Surging British inflation stokes rate hike prospect

17th May 2011, Comments 0 comments

British inflation soared to 4.5 percent in April, official data showed Tuesday, hitting a two-and-a-half-year high and stoking the prospect of an interest rate hike from the Bank of England.

Consumer Prices Index (CPI) inflation -- the government's target measure -- hit the highest level since September 2008, when it hit 5.2 percent, the Office for National Statistics (ONS) said in a statement.

April's reading, which followed a rate of 4.0 percent in March, overshot market expectations of 4.2 percent, Dow Jones Newswires said.

The cost of living jumped on the back of soaring prices for air, sea and rail tickets over the Easter holiday break. Inflation was also propelled by rising prices for alcoholic drinks, tobacco, and domestic gas and electricity.

In reaction, the British pound leapt against the euro and the dollar, as dealers bet on the increased likelihood of a near-term hike in interest rates.

"Today's higher-than-expected jump... increases the pressure on the monetary policy committee at the Bank of England to act sooner rather than later with respect to a rise in interest rates," said analyst Michael Hewson at traders CMC Markets.

Despite high inflation, the central bank has refrained from hiking its key lending rate from a record low 0.50 percent because of Britain's weak recovery from recession. Rates have remained on hold for more than two years.

Inflation over 12 months has now held above the Bank of England's official target rate of 2.0 percent since December 2009.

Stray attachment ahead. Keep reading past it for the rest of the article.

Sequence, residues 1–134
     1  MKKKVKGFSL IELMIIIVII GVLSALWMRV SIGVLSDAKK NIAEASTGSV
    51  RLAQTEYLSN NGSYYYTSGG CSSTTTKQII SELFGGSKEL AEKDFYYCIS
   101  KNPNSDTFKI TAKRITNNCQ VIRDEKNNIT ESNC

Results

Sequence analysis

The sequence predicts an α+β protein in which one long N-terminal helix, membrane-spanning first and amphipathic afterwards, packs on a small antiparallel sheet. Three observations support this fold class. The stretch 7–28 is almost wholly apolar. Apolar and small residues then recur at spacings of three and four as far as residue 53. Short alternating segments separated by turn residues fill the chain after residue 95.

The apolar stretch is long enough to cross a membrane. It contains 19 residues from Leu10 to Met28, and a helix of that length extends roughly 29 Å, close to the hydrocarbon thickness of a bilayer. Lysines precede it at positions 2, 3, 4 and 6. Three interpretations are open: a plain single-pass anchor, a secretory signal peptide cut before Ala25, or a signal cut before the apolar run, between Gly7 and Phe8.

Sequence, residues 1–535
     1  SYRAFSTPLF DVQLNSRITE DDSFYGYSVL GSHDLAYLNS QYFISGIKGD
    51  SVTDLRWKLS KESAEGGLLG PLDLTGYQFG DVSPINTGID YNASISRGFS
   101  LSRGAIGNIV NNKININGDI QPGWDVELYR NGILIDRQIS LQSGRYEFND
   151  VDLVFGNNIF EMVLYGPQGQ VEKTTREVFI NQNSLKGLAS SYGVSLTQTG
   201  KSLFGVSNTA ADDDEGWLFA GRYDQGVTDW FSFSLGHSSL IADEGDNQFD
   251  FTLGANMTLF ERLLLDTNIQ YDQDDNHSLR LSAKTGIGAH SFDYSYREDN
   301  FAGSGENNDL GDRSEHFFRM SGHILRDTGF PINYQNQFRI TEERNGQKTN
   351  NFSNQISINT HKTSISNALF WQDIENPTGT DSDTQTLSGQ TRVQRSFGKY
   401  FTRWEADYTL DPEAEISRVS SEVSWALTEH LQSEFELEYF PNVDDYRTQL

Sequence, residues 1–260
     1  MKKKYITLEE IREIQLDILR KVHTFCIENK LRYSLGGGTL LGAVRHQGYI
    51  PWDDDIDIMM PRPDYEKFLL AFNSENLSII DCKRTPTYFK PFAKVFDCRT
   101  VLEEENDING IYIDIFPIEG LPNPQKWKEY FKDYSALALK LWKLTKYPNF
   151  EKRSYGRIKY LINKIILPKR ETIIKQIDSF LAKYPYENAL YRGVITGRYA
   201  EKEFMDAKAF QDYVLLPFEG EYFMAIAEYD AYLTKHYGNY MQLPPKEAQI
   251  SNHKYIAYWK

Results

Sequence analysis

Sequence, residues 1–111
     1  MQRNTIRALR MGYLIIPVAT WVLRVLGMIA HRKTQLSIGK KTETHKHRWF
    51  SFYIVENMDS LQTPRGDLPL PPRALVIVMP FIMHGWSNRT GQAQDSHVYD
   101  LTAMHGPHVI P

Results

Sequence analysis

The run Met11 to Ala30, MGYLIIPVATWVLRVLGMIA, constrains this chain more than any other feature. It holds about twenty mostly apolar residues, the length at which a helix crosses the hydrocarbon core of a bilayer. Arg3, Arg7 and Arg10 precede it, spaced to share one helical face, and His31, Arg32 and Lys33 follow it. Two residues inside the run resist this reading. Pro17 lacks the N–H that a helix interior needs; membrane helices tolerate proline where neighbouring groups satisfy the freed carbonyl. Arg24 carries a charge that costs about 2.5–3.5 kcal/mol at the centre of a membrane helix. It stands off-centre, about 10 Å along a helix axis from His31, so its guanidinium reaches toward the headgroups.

"Inflation leapt further away from the BoE's target," noted Manoj Ladwa, senior trader at ETX Capital, but he struck a more cautious tone over the interest rate outlook.

"Given the fragility of the economic recovery, the Bank of England has accepted stubbornly high inflation takes a back seat to economic growth."

The ONS added Tuesday that the data was influenced by Easter, when many families traditionally head out on holiday.

"The timing of Easter in 2011 had a significant impact on certain travel costs included in the CPI due to the collection periods for air transport, sea transport and international rail travel including the Easter holidays.

"Easter in 2010 was much earlier and did not affect the April 2010 CPI," it added.

In recent months, inflation has also been propelled by surging world oil prices and a recent increase in government sales tax.

The central bank last week warned that inflation could reach 5.0 percent this year because of soaring domestic energy costs, high oil prices and the government's sales tax rise that was implemented in January.

The BoE, and also the European Central Bank for the eurozone, have set a target for inflation of no more than 2.0 percent because experience shows that once it rises above this level, businesses and consumers begin to anticipate further price rises, generating what is known as second-round inflation.

© 2011 AFP

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